Magazine article The Spectator


Magazine article The Spectator


Article excerpt

Credit: Jan Moir

Sunday afternoon brings the bomb squad to South Kensington. From my third-floor window, I see them fan out through the garden square, scrutinising leaf and bud, lamppost and compost bin. Drains are peered into, postboxes eyed suspiciously. Although Windsor Castle is 23 miles to the west, the Queen's state banquet for the Irish President Michael D. Higgins has brought them here. A high-ranking contingent of Irish banquet-goers are staying at a nearby hotel. Including, local rumour has it, Martin McGuinness himself. In their smart blue caps and hi-vis vests, the cops rifle through camellia bushes with the diligence of devoted horticulturists. If the irony of their situation affects them, it does not show.

At Waitrose in Kensington High Street, an assistant scans my copy of the Daily Mail . 'I love the Mail !' she cries, unexpectedly. This plunges me into columnist conundrum. Is she saying this because she recognises me? Unlikely, I know. Especially as I have just had a facial and look even more like a beet-faced Fred Flintstone than usual. So I am torn between being pleased if she does and being appalled if she does. Yet if she does recognise me and I say nothing, will she think me rude?

'I work on the Mail ,' I tell her.

'Do you?' she says, looking thrilled. I nod, supremely ready to be hosed down with some luscious, piping-hot flattery.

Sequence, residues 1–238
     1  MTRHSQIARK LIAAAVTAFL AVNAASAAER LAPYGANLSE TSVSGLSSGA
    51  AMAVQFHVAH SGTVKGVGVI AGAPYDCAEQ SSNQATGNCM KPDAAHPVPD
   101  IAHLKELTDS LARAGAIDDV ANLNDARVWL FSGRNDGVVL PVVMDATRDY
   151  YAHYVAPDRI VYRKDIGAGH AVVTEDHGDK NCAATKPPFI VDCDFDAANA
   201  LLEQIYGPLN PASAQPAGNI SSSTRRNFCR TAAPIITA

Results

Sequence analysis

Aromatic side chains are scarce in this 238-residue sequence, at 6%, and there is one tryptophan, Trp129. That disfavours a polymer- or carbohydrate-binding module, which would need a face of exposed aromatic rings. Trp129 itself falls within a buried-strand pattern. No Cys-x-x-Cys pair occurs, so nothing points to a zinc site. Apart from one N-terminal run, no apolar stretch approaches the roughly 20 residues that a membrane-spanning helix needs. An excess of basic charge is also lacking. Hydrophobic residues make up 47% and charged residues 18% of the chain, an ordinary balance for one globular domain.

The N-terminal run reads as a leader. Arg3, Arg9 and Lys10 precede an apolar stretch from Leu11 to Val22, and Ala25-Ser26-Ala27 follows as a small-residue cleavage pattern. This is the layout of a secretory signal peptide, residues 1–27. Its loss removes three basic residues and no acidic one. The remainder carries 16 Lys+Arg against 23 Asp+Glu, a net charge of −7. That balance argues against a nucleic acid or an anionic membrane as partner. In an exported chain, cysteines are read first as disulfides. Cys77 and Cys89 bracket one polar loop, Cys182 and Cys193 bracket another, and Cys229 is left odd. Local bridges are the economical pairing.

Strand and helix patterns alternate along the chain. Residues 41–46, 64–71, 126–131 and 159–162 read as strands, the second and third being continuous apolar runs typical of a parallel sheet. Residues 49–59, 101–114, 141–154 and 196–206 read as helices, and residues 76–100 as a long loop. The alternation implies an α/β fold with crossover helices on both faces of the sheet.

'Do you know Richard Littlejohn? He's my favourite,' she says.

That's nice!

'Do you know what I love most about the Daily Mail ?' she continues.

Dare I dream?

'It is that the ink doesn't come off.'


'And as I keep snakes, it is just the best thing for lining their cages.'

'That's great,' I croak. Then shuffle off home, a broken woman.

Readers are so bracing. You never know what to expect. In ye olden days, reader relationships were, like the best affairs, fleeting and furtive. Thoughts were shared via letters, not all of them in green ink. You wrote, they wrote, sometimes you wrote back, relationship over. Now they are in your face, their emails beep-beep-beeping relentlessly on my iPhone. This is a source of joy -- and consternation. Beep! A missive from a member of the R&A golf club in St Andrews, demanding a public apology. Last week I wrote about its reluctance to admit females, wondering why any woman would want to join an institution so clearly full of 'tweedy, whisky-tooting, Cro-Magnon uber-bores'. …

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